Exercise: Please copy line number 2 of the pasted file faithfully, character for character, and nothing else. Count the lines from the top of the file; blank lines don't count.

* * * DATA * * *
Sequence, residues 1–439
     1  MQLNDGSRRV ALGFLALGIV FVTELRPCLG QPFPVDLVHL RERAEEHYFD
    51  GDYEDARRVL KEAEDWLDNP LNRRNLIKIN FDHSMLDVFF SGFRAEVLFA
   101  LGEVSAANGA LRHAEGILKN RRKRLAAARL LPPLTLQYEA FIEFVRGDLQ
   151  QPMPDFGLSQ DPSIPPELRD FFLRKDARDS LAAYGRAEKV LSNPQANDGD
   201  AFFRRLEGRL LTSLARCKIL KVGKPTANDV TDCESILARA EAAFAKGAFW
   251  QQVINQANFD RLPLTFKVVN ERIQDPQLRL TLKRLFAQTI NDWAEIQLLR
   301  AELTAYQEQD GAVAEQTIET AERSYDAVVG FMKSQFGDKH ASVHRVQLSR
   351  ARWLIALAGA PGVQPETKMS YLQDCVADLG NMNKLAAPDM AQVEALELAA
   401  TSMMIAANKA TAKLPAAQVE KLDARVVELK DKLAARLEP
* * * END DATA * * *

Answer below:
     1  MQLNDGSRRV ALGFLALGIV FVTELRPCLG QPFPVDLVHL RERAEEHYFD